To Var or Not to Var

December 12, 2019 - C#, Programming

When a programming language introduces a new language feature, inevitably that feature will become central to a style debate; When to use it, when not to use it, good places to use it, bad places to use it; places where it makes code easy to read, places where it makes code hard to read, and so on. the var Keyword is definitely no exception.

So What Is it?

“well, I’ve never seen one before, no-one has, but I’m guessing it’s a White Hole” – Kryten

The var keyword was introduced in C# 3.0. It allows for what is known as implicit typing– this allows a type to be inferred from the context by the compiler. var something=expression results in the something type being defined based on the type of the result for expression.

One thing to not confuse var with is Dynamic Typing where the type of a variable can change as the program runs- a variable with a string in python could be storing a number later or even a class instance. the use of inferred typing doesn’t change the conventional rules, and the code compiles to the same code it would if the type was fully defined, so it’s nothing more than a syntax sugar that can be used to shorten longer code.

The debates regarding var typically center around arguments that, when misused, it can make code harder to read. Personally, I am of the mind that in the situations where it makes code harder to read, it is not var that is pathological, but rather it is exposing a symptom of another problem.

A common-ground is found amongst most "factions" of the debate in terms of simple variable declarations which initialize to a new instance:

can be replaced with:

It is where we come into many other cases that opinions tend to differ for example this:

This tends to be the sort of example of "bad code"- here, we don’t know what type "value" is without hovering over it. We might assume it is a Something class, for example, but it may not be.

This is where I disagree. The problem I’ve found is examples tend to be precisely like that- simple, one-line pieces of code demonstrating the "folly" of using var. But outside of code obfuscation contests, I don’t think there are examples of real-world programs that are only one line, and certainly not so short of one. Code lines exist with other code above and below them- they exist within a specific context- not just the surrounding code, but the containing class, the containing namespace- even the general design of the project as a whole, which can inform a reader of this information that people often argue is no longer present when using var- to say nothing of a meaningful variable name, which is often not present either.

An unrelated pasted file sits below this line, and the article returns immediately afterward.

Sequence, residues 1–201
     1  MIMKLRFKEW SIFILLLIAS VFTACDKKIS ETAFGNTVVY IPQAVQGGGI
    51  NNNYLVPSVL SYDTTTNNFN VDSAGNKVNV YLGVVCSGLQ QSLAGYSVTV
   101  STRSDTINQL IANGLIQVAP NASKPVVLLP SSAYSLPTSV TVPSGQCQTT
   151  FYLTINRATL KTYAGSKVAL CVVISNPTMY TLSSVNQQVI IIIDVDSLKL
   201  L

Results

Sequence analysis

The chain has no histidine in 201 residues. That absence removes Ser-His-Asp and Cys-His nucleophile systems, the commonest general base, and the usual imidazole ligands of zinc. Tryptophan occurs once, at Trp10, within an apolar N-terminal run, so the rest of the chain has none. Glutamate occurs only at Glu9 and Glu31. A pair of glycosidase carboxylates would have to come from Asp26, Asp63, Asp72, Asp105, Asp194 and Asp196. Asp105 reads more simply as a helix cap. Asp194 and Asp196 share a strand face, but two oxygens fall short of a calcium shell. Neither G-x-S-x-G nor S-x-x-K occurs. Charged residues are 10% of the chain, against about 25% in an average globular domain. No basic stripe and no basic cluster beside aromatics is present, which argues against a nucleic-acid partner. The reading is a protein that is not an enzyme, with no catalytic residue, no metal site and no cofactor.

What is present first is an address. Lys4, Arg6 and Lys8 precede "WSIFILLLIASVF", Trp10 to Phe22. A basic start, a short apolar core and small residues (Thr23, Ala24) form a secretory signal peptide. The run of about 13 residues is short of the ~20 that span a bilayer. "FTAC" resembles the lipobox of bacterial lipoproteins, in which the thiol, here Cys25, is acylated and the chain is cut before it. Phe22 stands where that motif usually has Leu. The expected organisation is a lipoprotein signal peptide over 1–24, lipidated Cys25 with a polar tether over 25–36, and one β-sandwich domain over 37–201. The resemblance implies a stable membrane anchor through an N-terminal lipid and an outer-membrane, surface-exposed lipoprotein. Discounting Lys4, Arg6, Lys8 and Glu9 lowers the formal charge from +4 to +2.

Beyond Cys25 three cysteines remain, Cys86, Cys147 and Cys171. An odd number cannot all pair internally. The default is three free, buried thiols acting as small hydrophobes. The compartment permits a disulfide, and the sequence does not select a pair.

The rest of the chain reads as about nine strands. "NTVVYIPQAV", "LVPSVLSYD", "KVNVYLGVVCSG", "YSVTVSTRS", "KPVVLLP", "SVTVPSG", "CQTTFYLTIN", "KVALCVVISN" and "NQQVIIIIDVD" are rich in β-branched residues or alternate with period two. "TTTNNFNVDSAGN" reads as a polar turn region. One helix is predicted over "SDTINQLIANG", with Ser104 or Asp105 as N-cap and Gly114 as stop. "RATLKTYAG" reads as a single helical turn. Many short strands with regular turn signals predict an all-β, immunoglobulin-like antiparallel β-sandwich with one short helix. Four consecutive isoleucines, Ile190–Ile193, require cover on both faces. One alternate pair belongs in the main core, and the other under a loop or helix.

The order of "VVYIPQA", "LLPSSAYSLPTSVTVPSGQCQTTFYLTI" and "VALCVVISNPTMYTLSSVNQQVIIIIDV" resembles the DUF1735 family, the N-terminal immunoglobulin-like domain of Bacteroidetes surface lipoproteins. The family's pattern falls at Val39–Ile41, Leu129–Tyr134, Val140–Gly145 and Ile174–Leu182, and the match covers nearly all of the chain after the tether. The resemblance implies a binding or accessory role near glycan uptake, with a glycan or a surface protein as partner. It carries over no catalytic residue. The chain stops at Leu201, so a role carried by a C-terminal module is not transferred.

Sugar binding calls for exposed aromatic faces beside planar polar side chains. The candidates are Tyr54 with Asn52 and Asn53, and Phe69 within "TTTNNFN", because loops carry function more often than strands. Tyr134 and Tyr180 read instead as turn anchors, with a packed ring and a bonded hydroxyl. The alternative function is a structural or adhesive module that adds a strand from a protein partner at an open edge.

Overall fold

As a specific example, let me rip out a var line from an existing project:

This would seem a prime example of var being misused. What is "ghosted"? Is it a "GhostDrop" class? or what? Well, as it happens, it is a Nomino. This would seem to be a counter-example. However, as I mentioned, the context in which the code exists informs readers familiar with the project – BASeTris, in this example- GhostDrop being the logic that duplicates and translates an active Nomino Group into another Nomino group to be the “Ghost Drop”.

Another consideration is that for all the claims of it being hard to read:

because you do not know the type of “foo”, it seems the same contrived argument could be made against the use of fields:

And properties:

and out variables:

Which is obviously not something that tends to follow from claims that var makes code more difficult to read. In my opinion, var is not different from those two examples. If code is not written in an informing way, you will need to look elsewhere. However if the code is written well, in the context of the project and the person reading it has some basic understanding of some of the core classes, types, and conventions of a project, than it doesn’t usually get in the way. It could cause trouble if a project is unfocused, has several classes that perform similar “verbs”, or simply has less-than-perfect variable, function, property, and class names.

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